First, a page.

News & Resources
On October 8, 2020, the Small Business Administration “(SBA”) provided a simpler forgiveness application for PPP loans of $50,000 or less. The key simplification is that the borrower can ignore reductions in either employee headcounts or of salaries or wages!
If you are eligible to use the simpler PPP loan forgiveness form, you probably want to do so. The new 3508S application form is easy to complete. The form asks for identifying information including your business name, contact information, tax identification number, the loan number and amount.
Instead of having to show your forgiveness amount calculation as you do on the 3508EZ application form, you need to certify the following seven things:
After more than a month of silence, on the part of the SBA, they issued new FAQs on August 4, which provided some additional guidance and clarification, most of which was not borrower friendly! Below are the highlights from the new FAQs. Following the highlights is a deeper dive into specific issues addressed, relative to forgiveness for health insurance and retirement benefits and owner compensation, whether owners of a C Corporation, S Corporation, Partnership, as well as for those self-employed. The highlights are as follows:1. Scanned Copies, E-Signatures and E-Consents allowed to be used. This is intended to simplify the documentation requirement part of the forgiveness application, especially in light of the ongoing pandemic. 2. Interest is only owed on portion of loan that is not forgiven, and payments are not required to be made until SBA remits the forgiveness amount to the lender. It is expected that banks will have 90 days to review forgiveness application and, thereafter, the SBA will have 120 days to determine forgiveness and submit the proceeds subject to forgiveness to the bank. 3. Forgiveness not permitted for healthcare and retirement benefits accelerated from periods outside of the Covered Period. 4. Owner compensation limitation ($20,833, based on a 24-week forgiveness period) applies cumulatively across all businesses. This is a significant limitation as, previously, borrowers who were owners of various businesses were of the belief that the owner compensation limitation applied on a per business/entity basis!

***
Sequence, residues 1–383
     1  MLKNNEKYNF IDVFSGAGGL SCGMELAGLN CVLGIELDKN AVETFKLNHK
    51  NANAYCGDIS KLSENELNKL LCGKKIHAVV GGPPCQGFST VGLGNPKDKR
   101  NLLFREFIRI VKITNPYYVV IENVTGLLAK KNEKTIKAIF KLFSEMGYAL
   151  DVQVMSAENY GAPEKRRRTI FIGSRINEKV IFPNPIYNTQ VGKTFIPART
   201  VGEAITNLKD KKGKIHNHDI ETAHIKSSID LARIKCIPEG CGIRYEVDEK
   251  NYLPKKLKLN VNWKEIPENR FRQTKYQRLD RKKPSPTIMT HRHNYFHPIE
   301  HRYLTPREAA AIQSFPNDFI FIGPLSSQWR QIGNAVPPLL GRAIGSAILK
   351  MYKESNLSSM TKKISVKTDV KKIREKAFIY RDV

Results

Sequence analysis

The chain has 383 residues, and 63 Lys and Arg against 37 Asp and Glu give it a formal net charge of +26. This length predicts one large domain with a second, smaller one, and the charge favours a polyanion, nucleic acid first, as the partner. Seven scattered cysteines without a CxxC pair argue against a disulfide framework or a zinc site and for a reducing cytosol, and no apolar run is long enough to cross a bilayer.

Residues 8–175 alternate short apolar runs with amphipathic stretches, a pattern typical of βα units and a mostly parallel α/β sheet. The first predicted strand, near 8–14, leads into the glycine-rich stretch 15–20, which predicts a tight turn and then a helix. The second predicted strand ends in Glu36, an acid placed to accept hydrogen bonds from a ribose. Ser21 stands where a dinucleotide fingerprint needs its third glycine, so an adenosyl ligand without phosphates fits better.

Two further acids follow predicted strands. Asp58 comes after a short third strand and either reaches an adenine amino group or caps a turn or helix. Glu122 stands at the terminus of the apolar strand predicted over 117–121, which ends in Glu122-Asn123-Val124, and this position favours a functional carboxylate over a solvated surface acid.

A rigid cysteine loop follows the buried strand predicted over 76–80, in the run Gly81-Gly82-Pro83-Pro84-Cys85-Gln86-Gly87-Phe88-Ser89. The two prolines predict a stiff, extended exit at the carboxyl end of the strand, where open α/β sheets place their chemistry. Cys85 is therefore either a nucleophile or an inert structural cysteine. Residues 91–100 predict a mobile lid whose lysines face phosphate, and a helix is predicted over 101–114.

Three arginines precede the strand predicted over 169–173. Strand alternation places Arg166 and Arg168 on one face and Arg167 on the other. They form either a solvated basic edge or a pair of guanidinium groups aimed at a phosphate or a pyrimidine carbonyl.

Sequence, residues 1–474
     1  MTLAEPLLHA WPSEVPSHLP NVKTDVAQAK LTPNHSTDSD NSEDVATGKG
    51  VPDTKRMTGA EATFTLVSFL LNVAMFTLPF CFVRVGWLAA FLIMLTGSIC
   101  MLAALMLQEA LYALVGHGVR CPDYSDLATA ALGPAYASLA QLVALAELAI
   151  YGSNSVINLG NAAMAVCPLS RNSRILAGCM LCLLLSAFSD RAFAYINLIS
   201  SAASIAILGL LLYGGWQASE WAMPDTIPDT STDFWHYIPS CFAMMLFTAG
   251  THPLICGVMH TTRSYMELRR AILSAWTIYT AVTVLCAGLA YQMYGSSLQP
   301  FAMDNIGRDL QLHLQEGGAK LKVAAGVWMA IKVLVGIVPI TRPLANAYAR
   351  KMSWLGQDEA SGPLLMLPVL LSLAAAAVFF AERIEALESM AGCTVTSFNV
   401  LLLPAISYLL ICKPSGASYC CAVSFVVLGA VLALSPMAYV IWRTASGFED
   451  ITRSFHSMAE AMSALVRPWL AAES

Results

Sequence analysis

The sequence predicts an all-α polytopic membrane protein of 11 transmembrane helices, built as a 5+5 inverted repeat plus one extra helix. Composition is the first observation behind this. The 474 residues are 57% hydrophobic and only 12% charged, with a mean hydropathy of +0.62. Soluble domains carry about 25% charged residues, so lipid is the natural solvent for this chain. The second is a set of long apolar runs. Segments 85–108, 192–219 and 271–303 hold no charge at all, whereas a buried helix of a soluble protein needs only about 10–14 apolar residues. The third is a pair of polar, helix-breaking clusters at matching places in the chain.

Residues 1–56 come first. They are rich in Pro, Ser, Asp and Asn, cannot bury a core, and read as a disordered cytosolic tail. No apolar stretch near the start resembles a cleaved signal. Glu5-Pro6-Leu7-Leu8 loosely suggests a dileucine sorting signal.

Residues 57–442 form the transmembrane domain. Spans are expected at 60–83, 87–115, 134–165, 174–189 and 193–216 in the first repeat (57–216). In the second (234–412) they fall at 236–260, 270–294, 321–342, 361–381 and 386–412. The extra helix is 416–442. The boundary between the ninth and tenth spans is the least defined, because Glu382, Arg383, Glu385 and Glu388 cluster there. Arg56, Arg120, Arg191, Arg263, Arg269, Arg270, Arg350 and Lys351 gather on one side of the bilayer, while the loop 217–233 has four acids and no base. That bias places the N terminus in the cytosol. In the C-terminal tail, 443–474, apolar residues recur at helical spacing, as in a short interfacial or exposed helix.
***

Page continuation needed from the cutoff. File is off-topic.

Late Wednesday, Congress voted to extend funding for the Paycheck Protection Program (PPP), which was scheduled to end on June 30, until August 8. It was signed into law on the 4th of July. To date, the PPP has distributed over $500 billion in forgivable loans to more than 4.7 million American businesses. This extension will give many small businesses, which did not initially file for the PPP, additional time to evaluate their needs. With PPP money already running low for many borrowers which availed themselves of the funding and the ongoing spread of the coronavirus continuing threatening their business, there appears to be some consensus in Washington, as to what to do with the $125 billion that remains in the program. In recent weeks, lawmakers have been increasingly voicing support for the Prioritized Paycheck Protection Program Act (P4), which, among other things, would further extend the application deadline for PPP loans to Dec. 30, or longer. The final deadline as well as administration of P4 would be left up to the SBA. P4 would be open only to companies that have already exhausted or are about to exhaust their PPP loans. It calls for stricter eligibility requirements and creates additional carve-outs for companies hardest hit by the pandemic. Publicly traded companies would be barred from participating.
On June 22, the SBA released new Interim Final Rules (IFR) relating to Loan Forgiveness. The IFR updates prior IFRs to conform to the PPP Flexibility Act (PPPFA), specifically relating to the maturity of PPP loans, the deferral of PPP loan payments, and the PPP loan forgiveness process.
The highlights of the IFR are as follows:
1. Borrowers can file for forgiveness during the 24-week period immediately after they have spent their PPP loan proceeds on “eligible expenses.” They do not have to wait until the end of their 24-week period, which is what was originally thought under the PPPFA. As addressed in a prior Legal Beat, under the PPPFA, borrowers who received their loans on or after June 5, 2020 have a 24-week forgiveness period, while those who received the loan prior to such date, could elect, instead, an 8-week forgiveness period.
The IFR specifically provides that a borrower may submit a loan forgiveness application any time on or before the maturity date of the loan – including before the end of the covered period – if the borrower has used all of the loan proceeds for which the borrower is requesting forgiveness. So long as a borrower has spent all of their loan proceeds, they will be able to apply for forgiveness at any point.
This Part 5 of our bankruptcy series. So far, we have covered what you need to know if the event of bankruptcy, the premise of bankruptcy in the era of COVID-19, protecting your LLC and/or Limited Partnership, and what to do with a lease.
Many people are under the impression that they are free to form a new company at any time to cut off legal problems with an old company.
This gets into an area in the law known as “successor liability.” When a business is sold, it depends upon what was sold and whether or not the successor expressly or by implication, accepted the old company’s liability. If just the assets were sold, ordinarily the purchaser has not assumed the liabilities.